Baldwin’s Harlem Through A Child’s Eyes

Gabrielle Bellot writes: ‘In 1976, James Baldwin released what is perhaps his most novel—and most often forgotten—book: Little Man, Little Man, a curious, hybrid-genre composition without precedent in his body of work. A few years earlier, his little nephew, Tejan, had asked Baldwin—Uncle Jimmy—to write a book about him on one of Baldwin’s visits to New York to see Tejan’s family at 137 West 71st Street. At the time, Baldwin was spending most of his days in a residence in the southern French village of Saint-Paul-de-Vence, so whenever he made the transatlantic trip to drop by his American family’s home, friends, kin, and strangers would simply appear at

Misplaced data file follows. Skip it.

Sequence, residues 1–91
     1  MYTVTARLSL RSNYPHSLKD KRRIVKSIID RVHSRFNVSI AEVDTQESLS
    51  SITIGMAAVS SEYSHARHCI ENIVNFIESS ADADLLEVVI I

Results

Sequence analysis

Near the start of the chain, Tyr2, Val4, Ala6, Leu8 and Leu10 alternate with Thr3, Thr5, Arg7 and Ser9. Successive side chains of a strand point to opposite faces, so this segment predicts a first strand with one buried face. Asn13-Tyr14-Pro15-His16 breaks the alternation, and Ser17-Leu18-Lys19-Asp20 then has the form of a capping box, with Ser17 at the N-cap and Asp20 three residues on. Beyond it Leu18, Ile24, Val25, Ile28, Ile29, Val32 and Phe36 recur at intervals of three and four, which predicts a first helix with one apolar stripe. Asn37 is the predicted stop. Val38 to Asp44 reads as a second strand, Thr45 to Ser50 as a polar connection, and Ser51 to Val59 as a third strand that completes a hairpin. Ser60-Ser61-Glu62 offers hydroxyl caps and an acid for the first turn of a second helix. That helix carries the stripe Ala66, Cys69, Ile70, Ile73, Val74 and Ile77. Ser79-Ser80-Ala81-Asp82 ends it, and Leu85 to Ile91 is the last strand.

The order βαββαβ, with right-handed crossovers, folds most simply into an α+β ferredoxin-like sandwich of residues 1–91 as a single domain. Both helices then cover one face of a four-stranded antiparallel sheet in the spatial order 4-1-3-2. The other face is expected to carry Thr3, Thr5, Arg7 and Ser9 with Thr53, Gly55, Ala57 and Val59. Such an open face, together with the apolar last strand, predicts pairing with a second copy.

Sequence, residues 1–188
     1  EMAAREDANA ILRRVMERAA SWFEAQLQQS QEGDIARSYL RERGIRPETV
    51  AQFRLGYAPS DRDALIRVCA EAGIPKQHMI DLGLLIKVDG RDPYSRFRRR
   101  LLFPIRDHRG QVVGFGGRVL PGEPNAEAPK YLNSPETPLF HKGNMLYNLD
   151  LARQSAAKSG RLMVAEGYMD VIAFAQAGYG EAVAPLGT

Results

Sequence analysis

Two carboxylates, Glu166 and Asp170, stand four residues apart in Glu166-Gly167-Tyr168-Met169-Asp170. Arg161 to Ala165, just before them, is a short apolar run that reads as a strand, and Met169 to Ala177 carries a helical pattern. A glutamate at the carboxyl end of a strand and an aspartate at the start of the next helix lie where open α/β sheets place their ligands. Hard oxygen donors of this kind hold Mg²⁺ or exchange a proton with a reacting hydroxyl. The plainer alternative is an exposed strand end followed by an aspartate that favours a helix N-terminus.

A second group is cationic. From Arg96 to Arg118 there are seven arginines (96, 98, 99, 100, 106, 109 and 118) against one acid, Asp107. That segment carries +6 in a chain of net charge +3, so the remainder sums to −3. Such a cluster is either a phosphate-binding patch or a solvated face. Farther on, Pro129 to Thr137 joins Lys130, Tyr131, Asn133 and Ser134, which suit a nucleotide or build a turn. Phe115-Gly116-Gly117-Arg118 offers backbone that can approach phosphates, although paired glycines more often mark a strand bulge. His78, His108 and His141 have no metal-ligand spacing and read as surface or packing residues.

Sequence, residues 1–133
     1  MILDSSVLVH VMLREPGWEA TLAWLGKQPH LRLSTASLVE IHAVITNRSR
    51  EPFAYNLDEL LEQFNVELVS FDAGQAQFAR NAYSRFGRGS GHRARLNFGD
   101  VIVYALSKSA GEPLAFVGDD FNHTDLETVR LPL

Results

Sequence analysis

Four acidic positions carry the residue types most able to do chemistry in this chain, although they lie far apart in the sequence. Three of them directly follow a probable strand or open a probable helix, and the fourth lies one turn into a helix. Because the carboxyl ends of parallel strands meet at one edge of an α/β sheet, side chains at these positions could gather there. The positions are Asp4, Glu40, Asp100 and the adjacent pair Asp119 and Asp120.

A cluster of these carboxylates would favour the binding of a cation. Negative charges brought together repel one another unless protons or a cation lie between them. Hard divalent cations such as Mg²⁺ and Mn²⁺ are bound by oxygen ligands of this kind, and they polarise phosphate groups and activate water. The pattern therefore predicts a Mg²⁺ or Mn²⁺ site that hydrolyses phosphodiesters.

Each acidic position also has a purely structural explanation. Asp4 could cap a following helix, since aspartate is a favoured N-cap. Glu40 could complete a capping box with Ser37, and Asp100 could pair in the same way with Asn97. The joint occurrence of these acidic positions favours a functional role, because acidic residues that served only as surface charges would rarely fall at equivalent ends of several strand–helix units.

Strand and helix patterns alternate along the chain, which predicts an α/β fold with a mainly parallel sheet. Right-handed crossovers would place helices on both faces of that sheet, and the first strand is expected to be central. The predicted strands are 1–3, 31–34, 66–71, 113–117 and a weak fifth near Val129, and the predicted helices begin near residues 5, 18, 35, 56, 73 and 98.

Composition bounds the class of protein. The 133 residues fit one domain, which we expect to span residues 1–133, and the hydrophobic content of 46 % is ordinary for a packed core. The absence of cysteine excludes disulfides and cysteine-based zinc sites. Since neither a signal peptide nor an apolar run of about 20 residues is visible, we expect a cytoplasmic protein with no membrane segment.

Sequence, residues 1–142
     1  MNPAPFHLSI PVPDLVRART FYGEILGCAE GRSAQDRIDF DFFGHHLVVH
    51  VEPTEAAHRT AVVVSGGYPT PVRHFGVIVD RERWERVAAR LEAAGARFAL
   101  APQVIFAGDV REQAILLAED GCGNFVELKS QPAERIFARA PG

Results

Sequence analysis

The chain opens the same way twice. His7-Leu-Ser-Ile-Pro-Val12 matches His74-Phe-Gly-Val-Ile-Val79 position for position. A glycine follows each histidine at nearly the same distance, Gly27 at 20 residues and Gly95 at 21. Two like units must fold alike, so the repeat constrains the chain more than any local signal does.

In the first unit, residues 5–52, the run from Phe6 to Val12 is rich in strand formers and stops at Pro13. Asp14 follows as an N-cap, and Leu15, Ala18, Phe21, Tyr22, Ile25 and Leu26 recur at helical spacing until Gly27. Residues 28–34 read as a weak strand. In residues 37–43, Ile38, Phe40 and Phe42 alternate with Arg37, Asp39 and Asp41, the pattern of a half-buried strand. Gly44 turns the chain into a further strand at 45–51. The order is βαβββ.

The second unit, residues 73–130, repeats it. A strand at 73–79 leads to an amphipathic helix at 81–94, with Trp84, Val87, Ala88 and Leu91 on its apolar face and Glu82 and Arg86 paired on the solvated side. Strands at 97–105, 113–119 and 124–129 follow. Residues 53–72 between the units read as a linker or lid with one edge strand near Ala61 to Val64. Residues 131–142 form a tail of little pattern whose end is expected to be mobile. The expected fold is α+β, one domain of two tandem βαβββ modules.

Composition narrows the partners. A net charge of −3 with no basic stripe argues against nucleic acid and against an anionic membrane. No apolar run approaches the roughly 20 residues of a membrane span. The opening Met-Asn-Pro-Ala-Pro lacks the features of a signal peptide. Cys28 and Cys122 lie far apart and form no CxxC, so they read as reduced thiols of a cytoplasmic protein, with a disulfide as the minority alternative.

the door like moths to a lantern, seeking an audience with the great writer, and soon the apartment’s air would be thick with the sound of voices and music and sweet-pungent with the scent of whiskeys and wines.’

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